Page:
The electricity to power the desalting process would be supplied by a field of solar panels. Cutting-edge film-membrane technology could be implemented to cut down on the high-energy needs normally associated with salt removal, he said.
Cambria's desalination plant itself, a building full of pipelines and pumps, would be designed to look like a barn and built on Cambria Community Services District land upstream.
As part of Cambria's "buildout reduction plan," a desalination plant would generate only enough potable water to supply the needs of existing Cambria residents, plus those on the water supply waitlist, for a total of 4,650 connections, Gresens said. Cambria's "aggressive water conservation" program, with tiered pricing according to usage, may be slightly relaxed with a desal supply, he added.
Tests of new desalting technology by the Affordable Desalination Collaboration a group of utility companies, engineers, equipment manufacturers, and government agencies at a U.S. Navy facility at Port Hueneme in southern California have shown that energy costs can be substantially reduced, according to Cambria's engineering consultant.
"There's some bad information going around on the costs of desalination," explained project engineer Tom Seacord of Carollo Engineers, during a phone interview from his Boise office.
"Engineers have been saying it takes 10 to 14 kilowatt hours to produce 1,000 gallons, but with the technology available off the shelf, we put together the most efficient system we could and got it down to 6 kilowatt-hours per 1,000 gallons," Seacord said. That's a marked contrast to the 27 kilowatt-hours used by the Morro Bay plant.
Cambria's elaborate desalination plans are, so far, just plans, with more information needed before any final decisions can be made. The Cambria Community Services District is hoping to gain Coastal Commission approval of its data collection effort, which involves test bores and monitoring wells on the beach at San Simeon Creek.
The plans have been modified to eliminate any structures or visual impacts to the beach during a four-week geotechnical investigation, Gresens said.
"This is the before-and-after picture," he said, his arms sweeping out across a roped-off snowy plover nesting area in the sand.
Depending on Coastal Commission action, the Cambria engineer hopes to start collecting scientific data once the plover nesting season is over in October. That information will be used to develop Cambria's desalination project alternatives to be analyzed in a future environmental impact report.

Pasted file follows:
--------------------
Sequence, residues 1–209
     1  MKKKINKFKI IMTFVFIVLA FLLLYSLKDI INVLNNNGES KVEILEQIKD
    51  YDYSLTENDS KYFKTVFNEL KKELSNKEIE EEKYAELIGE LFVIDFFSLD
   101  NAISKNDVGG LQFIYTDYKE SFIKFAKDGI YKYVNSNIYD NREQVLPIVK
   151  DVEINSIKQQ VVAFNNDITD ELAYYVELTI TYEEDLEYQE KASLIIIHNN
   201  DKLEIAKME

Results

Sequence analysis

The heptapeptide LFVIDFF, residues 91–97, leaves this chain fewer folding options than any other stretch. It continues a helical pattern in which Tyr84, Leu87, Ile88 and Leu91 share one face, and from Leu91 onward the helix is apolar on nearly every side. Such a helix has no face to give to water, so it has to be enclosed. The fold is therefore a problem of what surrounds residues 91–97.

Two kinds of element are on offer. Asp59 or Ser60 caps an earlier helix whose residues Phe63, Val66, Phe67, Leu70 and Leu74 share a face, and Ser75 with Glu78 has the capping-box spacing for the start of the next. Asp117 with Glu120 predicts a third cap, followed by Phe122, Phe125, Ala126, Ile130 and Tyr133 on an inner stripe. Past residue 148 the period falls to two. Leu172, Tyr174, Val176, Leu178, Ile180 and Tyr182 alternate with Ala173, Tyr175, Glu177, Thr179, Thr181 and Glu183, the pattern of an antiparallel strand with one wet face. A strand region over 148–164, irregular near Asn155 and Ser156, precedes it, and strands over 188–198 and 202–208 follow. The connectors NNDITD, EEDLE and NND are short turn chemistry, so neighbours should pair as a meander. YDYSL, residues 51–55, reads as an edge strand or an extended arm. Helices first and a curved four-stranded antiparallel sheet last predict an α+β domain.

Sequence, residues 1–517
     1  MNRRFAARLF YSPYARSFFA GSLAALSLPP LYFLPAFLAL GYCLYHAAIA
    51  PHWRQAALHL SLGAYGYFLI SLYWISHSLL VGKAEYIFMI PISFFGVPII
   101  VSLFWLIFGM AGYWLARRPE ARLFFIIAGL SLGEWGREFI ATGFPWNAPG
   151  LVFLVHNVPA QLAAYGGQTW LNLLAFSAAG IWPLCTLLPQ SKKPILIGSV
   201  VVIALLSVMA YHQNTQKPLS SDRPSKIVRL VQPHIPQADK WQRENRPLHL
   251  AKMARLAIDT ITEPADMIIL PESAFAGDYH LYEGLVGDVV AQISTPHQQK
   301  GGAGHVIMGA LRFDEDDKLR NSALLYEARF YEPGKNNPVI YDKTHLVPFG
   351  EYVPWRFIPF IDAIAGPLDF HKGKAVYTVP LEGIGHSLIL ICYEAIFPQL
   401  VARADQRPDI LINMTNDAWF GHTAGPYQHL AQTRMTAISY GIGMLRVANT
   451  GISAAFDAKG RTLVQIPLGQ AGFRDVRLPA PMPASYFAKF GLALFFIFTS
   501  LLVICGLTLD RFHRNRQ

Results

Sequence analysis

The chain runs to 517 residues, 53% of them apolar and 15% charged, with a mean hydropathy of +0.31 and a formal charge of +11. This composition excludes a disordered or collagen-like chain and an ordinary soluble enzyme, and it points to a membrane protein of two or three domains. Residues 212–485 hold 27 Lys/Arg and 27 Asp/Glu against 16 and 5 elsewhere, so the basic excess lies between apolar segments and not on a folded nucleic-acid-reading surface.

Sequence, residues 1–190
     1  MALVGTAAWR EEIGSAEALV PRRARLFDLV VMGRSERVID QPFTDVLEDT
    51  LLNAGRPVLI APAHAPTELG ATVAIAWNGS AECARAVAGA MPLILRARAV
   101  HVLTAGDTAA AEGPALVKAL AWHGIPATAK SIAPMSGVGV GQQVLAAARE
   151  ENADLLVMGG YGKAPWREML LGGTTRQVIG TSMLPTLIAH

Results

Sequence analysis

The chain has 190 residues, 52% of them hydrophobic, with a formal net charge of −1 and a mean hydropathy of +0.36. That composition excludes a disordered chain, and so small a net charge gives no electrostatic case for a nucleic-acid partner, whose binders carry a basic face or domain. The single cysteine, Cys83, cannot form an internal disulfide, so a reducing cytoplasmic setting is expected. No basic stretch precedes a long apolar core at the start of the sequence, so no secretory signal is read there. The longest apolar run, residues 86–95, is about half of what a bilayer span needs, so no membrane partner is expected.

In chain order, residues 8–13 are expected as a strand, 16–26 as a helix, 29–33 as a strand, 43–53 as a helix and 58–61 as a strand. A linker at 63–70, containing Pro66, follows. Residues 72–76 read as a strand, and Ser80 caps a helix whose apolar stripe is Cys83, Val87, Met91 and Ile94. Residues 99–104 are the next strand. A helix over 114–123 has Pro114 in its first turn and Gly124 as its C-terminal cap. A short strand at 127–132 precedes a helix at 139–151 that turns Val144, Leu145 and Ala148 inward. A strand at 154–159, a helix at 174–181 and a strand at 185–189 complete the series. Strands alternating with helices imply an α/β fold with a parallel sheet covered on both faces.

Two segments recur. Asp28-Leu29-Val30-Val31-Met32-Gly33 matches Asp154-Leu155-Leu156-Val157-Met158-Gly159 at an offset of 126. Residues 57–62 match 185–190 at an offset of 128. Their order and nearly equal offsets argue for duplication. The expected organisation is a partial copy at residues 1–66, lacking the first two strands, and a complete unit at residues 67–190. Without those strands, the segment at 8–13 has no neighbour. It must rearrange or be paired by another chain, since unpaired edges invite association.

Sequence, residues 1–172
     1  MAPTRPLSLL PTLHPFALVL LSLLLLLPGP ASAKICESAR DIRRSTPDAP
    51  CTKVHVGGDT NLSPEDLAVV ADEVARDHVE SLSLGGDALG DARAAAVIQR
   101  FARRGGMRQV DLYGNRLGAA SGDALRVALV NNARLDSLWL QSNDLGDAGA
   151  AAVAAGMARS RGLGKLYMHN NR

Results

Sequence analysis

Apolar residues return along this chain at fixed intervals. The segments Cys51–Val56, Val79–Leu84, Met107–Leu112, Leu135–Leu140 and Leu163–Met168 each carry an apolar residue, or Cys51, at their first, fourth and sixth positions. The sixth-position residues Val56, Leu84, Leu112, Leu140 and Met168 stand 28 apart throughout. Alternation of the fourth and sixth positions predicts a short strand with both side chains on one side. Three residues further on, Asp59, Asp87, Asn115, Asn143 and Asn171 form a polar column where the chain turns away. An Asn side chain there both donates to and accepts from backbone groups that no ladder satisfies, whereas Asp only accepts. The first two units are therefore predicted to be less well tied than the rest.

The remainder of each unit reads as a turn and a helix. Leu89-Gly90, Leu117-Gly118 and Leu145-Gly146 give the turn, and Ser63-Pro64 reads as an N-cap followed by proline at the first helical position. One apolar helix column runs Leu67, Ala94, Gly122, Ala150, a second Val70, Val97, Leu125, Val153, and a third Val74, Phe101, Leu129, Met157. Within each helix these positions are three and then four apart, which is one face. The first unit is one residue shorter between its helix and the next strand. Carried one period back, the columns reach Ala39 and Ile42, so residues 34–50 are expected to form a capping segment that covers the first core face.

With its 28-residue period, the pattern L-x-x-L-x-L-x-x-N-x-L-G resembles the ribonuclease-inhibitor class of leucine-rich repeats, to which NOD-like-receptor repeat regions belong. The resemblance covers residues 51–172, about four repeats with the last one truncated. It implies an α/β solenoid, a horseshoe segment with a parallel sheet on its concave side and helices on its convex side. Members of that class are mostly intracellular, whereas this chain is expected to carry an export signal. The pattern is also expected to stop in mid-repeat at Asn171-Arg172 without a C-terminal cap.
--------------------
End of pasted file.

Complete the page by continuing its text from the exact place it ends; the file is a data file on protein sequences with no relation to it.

October is also the time when the various desalination options for Nipomo will be presented to the Community Services District in the South County town.
In Morro Bay, the future availability of state water and the resulting impacts on future desalination decisions should become clear by next spring, according to city staff.
But, statewide, "discussion of actual costs has been muddled and muddied," according to a June 2006 report by the Pacific Institute, Desalination, With a Grain of Salt A California Perspective. Cost estimates for desalting water in California and around the world have been provided in a variety of units and years that aren't readily comparable, the report states.
"Ultimately, no one can predict the actual cost of seawater desalination in coming years," according to the report.
"Is desalination the ultimate solution to our water problems? No. Is it likely to be a piece of our water management puzzle? Yes," states the report. "In the end, decisions about desalination developments will revolve around complex evaluations of local circumstances and needs, economics, financing, environmental and social impacts, and available alternatives."
In the meantime, Cambria's Gresens is concerned about running out of water.
"I see a lot of things coming together for desalination now, with membrane improvements, energy efficiency, solar power," he said. "I see it as taking advantage of advancements in technology to solve a social issue."
To him, the conclusion is clear: "Desalination's time has come."
Freelance journalist Kathy Johnston may be reached at email@example.com.